Michael R. Edwards focuses on Immunology, Rhinovirus, Interferon, Asthma and Cytokine. His work in Immune system, Chemokine, Virus, Viral replication and NF-κB are all subfields of Immunology research. The various areas that he examines in his Rhinovirus study include Inflammation, Exacerbation, TLR3, Bronchoalveolar lavage and Interleukin 13.
The Interferon study combines topics in areas such as Peripheral blood mononuclear cell, Real-time polymerase chain reaction, Respiratory epithelium and Pattern recognition receptor. His Asthma research focuses on subjects like Pathogenesis, which are linked to Epidemiology, Respiratory pathogens and Respiratory system. His study in Cytokine is interdisciplinary in nature, drawing from both Innate lymphoid cell and Azithromycin.
Michael R. Edwards mainly focuses on Immunology, Rhinovirus, Asthma, Interferon and Biochemistry. Michael R. Edwards combines topics linked to Respiratory system with his work on Immunology. Michael R. Edwards usually deals with Rhinovirus and limits it to topics linked to COPD and Pneumonia.
His Asthma research incorporates elements of Disease, Pathogenesis and Allergy. His Interferon study incorporates themes from TLR3, Cystic fibrosis and Immunity. His Biochemistry study deals with Molecular biology intersecting with Gene.
His primary areas of study are Immunology, Rhinovirus, Asthma, Interferon and Respiratory system. His studies link Pulmonary disease with Immunology. As a part of the same scientific study, Michael R. Edwards usually deals with the Rhinovirus, concentrating on COPD and frequently concerns with Streptococcus pneumoniae and Bacteria.
His biological study spans a wide range of topics, including Exacerbation, Lung and Allergy. His Interferon study integrates concerns from other disciplines, such as Translation, Downregulation and upregulation, Mediator and Frameshift mutation. Michael R. Edwards works mostly in the field of Respiratory system, limiting it down to topics relating to Innate immune system and, in certain cases, Viral load, as a part of the same area of interest.
Michael R. Edwards mainly focuses on Immunology, Rhinovirus, Asthma, Allergy and Interferon. His work in Immunology addresses issues such as COPD, which are connected to fields such as Pneumonia and Immunity. His work in Rhinovirus tackles topics such as Innate immune system which are related to areas like Phagocytosis, Bronchoalveolar lavage and Viral load.
His Asthma study combines topics from a wide range of disciplines, such as Microbiome and Respiratory system. His work deals with themes such as Exacerbation, Randomized controlled trial, Asthma exacerbations and Allergic bronchopulmonary aspergillosis, which intersect with Allergy. Michael R. Edwards combines subjects such as Chemokine, CXCL10 and Immune system with his study of Interferon.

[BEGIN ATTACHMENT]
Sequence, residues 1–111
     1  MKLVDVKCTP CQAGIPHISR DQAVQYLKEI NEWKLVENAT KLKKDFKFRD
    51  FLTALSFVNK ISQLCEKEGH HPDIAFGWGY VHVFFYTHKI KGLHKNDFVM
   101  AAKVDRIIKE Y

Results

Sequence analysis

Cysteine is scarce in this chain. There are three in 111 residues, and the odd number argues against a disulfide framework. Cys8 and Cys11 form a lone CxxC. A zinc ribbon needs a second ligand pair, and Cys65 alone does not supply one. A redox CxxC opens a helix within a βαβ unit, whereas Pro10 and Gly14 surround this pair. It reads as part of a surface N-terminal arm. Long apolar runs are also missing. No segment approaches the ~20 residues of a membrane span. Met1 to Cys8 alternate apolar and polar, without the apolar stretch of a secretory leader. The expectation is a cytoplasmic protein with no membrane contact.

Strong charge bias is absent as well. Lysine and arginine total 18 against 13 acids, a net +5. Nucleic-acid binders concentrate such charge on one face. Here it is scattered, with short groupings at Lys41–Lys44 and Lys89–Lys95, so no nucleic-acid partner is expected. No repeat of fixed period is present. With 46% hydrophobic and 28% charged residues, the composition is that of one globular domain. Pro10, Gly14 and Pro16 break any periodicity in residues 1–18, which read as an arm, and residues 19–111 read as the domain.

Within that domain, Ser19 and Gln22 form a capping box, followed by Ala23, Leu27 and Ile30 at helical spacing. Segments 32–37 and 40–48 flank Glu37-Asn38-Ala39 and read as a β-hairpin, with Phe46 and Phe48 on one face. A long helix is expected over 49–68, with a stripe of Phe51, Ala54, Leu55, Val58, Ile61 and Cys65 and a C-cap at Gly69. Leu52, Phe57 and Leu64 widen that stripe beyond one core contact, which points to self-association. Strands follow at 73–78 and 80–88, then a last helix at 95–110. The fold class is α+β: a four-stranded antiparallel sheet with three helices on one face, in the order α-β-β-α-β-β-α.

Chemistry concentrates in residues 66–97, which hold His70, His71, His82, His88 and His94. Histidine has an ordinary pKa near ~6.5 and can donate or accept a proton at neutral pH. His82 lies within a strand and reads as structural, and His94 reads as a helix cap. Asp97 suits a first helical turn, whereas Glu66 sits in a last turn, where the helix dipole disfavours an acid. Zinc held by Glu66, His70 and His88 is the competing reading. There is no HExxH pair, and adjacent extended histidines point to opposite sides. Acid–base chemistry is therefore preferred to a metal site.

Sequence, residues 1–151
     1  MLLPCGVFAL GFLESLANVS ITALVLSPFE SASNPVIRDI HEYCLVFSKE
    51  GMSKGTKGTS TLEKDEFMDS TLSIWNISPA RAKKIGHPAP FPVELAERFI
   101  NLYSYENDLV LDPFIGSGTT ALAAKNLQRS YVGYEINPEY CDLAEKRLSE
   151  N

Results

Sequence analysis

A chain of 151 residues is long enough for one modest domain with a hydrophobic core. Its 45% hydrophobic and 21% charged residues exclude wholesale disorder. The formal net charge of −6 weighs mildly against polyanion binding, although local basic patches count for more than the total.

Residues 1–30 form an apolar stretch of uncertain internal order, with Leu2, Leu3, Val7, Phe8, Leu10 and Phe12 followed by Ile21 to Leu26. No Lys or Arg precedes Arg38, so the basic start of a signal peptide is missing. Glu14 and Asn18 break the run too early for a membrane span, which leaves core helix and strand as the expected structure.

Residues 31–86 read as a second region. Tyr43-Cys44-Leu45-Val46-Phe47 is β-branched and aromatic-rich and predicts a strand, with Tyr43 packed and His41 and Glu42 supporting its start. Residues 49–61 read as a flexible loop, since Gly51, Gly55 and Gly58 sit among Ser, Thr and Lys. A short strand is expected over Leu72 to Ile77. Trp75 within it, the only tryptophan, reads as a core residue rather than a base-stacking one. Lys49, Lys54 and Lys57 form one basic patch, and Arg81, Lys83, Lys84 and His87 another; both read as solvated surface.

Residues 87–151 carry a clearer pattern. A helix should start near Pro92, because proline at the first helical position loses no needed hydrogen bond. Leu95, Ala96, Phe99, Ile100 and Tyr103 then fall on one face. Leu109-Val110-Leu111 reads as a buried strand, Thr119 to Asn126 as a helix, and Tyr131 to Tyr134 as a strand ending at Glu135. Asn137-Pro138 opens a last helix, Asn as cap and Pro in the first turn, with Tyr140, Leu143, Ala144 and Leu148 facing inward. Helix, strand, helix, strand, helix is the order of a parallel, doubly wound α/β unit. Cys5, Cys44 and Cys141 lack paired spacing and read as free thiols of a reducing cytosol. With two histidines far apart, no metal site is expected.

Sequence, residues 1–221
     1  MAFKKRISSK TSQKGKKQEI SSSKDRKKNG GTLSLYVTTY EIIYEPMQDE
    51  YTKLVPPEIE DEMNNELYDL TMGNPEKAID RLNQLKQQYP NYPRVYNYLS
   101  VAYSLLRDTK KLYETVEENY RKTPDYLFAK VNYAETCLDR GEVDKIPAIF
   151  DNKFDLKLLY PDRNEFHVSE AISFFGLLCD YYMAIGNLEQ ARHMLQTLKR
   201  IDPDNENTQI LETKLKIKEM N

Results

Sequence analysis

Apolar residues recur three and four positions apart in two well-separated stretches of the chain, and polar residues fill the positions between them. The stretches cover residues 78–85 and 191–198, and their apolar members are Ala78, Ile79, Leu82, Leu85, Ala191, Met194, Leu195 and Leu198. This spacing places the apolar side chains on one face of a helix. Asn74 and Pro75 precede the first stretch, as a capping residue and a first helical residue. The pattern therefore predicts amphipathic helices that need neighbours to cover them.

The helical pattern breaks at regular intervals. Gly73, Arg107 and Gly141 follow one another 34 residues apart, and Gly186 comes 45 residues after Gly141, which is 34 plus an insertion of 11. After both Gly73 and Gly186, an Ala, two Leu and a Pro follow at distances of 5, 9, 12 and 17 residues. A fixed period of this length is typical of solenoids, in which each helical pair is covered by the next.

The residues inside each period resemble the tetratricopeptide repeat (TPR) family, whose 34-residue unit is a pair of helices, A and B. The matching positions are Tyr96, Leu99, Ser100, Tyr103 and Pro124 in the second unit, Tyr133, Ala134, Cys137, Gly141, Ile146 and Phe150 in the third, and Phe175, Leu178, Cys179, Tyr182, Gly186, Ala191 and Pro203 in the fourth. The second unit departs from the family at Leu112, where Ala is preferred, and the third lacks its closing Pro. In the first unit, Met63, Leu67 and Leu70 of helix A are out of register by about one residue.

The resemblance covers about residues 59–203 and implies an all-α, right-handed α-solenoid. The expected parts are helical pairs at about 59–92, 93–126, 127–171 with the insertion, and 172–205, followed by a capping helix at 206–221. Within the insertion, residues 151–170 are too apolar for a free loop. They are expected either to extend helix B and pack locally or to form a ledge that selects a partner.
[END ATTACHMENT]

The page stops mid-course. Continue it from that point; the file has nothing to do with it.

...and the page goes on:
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Role of deficient type III interferon-λ production in asthma exacerbations
Marco Contoli;Simon D Message;Vasile Laza-Stanca;Michael R Edwards.
Nature Medicine (2006)
The Airway Epithelium: Soldier in the Fight against Respiratory Viruses
Marjolaine Vareille;Elisabeth Kieninger;Michael R. Edwards;Michael R. Edwards;Nicolas Regamey.
Clinical Microbiology Reviews (2011)
IL-33–Dependent Type 2 Inflammation during Rhinovirus-induced Asthma Exacerbations In Vivo
David J. Jackson;David J. Jackson;Heidi Makrinioti;Batika M. J. Rana;Betty W. H. Shamji.
American Journal of Respiratory and Critical Care Medicine (2014)
Targeting the NF-kappaB pathway in asthma and chronic obstructive pulmonary disease.
Michael R. Edwards;Nathan W. Bartlett;Deborah Clarke;Mark Birrell.
Pharmacology & Therapeutics (2009)
Mouse models of rhinovirus-induced disease and exacerbation of allergic airway inflammation
Nathan W Bartlett;Ross P Walton;Michael R Edwards;Juliya Aniscenko.
Nature Medicine (2008)
Experimental Rhinovirus Infection as a Human Model of Chronic Obstructive Pulmonary Disease Exacerbation
Patrick Mallia;Simon D. Message;Vera Gielen;Marco Contoli.
American Journal of Respiratory and Critical Care Medicine (2011)
Loss of ACTN3 gene function alters mouse muscle metabolism and shows evidence of positive selection in humans.
Daniel MacArthur;Jane T Seto;Jane T Seto;Joanna M Raftery;Kate G Quinlan;Kate G Quinlan.
Nature Genetics (2007)
Azithromycin induces anti-viral responses in bronchial epithelial cells
V. Gielen;Sebastian L. Johnston;Michael R. Edwards.
European Respiratory Journal (2010)
Toll-Like Receptor 3 Is Induced by and Mediates Antiviral Activity against Rhinovirus Infection of Human Bronchial Epithelial Cells
Christopher A. Hewson;Alice Jardine;Michael R. Edwards;Vasile Laza-Stanca.
Journal of Virology (2005)
Co-ordinated Role of TLR3, RIG-I and MDA5 in the Innate Response to Rhinovirus in Bronchial Epithelium
Louise Slater;Nathan Bartlett;Jennifer J. Haas;Jie Zhu.
PLOS Pathogens (2010)
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